Today, however, we will conclude this sequence with examining what can be found on the Net relating to Nubian manuscripts. One should note that as Nubian manuscripts can be understood texts written (mainly) in Old Nubian, Coptic, and Greek (but also in Arabic and Ottoman Turkish) with various inks (but mainly coloured between brown and black), and on materials such as papyrus, parchment, leather, and paper. These manuscripts may have been discovered in any site dating to the medieval era of northern Sudan and southern Egypt, when this stretch of the Nile Valley that we call Nubia was ruled by the Christian kingdoms of Nobadia, Makuria, and Alwa. The following map indicates the sites where Medieval manuscripts have been found in Nubia:

No manuscripts of the medieval era have been unearthed from sites in the kingdom of Alwa. Moreover, no manuscripts on papyri have been published to date (cfr. results in DBMNT), although many small fragments were retrieved from the monastic site of Qasr el Wizz (in preparation by A. Tsakos).

Qasr el Wizz is also the only site of Medieval Nubia from where a complete codex has been discovered. It concerns an apocryphal text in Coptic, published in Hungarian and German by the Hungarian scholar Peter Hubai. A similar text in Old Nubian has been found at Serra East, from where come also another Old Nubian text on the cross identified with the homonymous pseudo-Chrysostomian homily, as well as a text on the cross by pseudo-Cyril of Jerusalem, also in Coptic. All these manuscripts are written on parchment and have been more or less published adequately. However, I am not aware of any image of a single leaf thereof that can be found on the Net…

In fact, the only images of Nubian manuscripts available online are from fragmentary works. These are the following:

1. A page of an Old Nubian manuscript from Qasr Ibrim, containing a translation in Old Nubian of the Liber Institutionis Michaelis. The photo can be seen in the wikipedia entry on “Old Nubian” and HERE. Qasr Ibrim has produced the largest number of manuscripts from Christian Nubia.

2. Two Old Nubian manuscripts discovered by the German mission at the island of Sunnarti working in the 1960s in the campaign for the salvage of Nubian heritage due to the construction of the Aswan High Dam. Their webpage is quite informative in general, and their manuscript finds constitute the only collection from Nubia fully published.

3. Last but not least, the Humboldt University Nubian Expedition (H.U.N.E.) found in 2007 on the island of Sur in the Fourth Cataract region a cachet in an important for the area church monument containing 140 manuscripts in Greek and Old Nubian written on parchment and leather. The largest parchment fragment in Greek, another sermon by John Chrysostom (this time an original one: CPG 4333.2), has been included in the official webpage of H.U.N.E.:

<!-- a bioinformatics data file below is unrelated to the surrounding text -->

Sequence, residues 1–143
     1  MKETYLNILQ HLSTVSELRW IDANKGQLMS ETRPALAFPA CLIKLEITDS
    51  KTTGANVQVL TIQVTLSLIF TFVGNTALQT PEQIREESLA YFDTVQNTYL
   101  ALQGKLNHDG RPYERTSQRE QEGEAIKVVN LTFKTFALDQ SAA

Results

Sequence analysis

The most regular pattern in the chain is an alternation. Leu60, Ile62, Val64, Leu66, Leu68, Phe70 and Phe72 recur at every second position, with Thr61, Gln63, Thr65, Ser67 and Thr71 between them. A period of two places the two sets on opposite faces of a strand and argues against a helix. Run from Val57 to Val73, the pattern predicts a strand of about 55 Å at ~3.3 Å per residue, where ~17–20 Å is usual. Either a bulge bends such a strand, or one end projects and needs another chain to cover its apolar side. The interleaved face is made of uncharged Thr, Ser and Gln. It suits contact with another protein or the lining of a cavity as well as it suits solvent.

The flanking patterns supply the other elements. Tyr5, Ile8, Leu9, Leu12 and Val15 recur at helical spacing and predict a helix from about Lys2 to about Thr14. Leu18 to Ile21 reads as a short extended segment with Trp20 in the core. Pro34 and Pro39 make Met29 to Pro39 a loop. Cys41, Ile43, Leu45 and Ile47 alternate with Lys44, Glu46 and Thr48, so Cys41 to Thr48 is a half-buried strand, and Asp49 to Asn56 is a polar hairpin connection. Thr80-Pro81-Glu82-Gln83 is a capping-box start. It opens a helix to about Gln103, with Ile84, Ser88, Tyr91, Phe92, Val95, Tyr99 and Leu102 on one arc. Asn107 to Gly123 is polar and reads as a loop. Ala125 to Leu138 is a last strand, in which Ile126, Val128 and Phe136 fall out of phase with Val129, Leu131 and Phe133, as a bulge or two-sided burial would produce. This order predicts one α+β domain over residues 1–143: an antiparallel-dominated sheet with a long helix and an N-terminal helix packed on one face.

Soon all the parchment fragments will be published in the doctoral thesis of Alexandros under preparation.

A very recent publication of material known from old is the book by Vincent W.J. van Gerven Oei and El-Shafie El-Guzuuli with an English and a Dongolese Nubian translation of the Old Nubian version of the St. Mina miracle, one of the first Old Nubian manuscripts found and presented to the public (Griffith 1913: 6-15).

In sum, Nubian studies remain – despite the efforts of Giovanni and Grzegorz – far from having achieved yet the necessary open-access data bases that help promote more general studies, like for example the very useful paleographic comparisons that other text-oriented disciplines have achieved. For example, one can naturally only admire the richness of the material presented in a favorite blog on Coptic studies, namely the one directed by Alin Suciu.

Another important web based data source is the Gateway to Greek Manuscripts, administered from Italy where there is a long standing tradition on paleographical studies, exemplified in the Greek language and script by the works of Guglielmo Cavallo.

Of course manuscripts are not only related to medieval times, despite the shift of focus in the writing and archiving process after the invention of the printing press by Gutenberg. So, we read recently on the Net about the donation of 60,000 Greek manuscripts from Romania to the Academy of Athens! Their importance lies with the safeguarding of the memories of an important part of the Greek diaspora in various phases of its history in the region. Although the donation to Greece of this collection may create in Athens a center for the study of this part of the Greek history, nonetheless, it is a sign of the retreat of the Hellenic Diaspora from the places where it created its unique character. Manuscripts of interest for modern Greece are also to be found in Sudan: Greek communities’ foundation records, official correspondence, certificates, sales, publications etc. It is one of the reasons for which we have times and again asked for the creation of a center of Hellenic Studies in Khartoum…

And what about Sai?

Despite the richness of the epigraphic material from the island, no manuscripts are known until today from Sai. The Medieval Sai Project, however, is in possession of a document in Old Nubian characters, written by a local of Sai, on the island in … AD … 2010!!!

Perhaps in the future, we will also discover medieval manuscripts. But this is the least of the things that preoccupy us in an effort to continue fieldwork and involvement in the land of the Sikkut…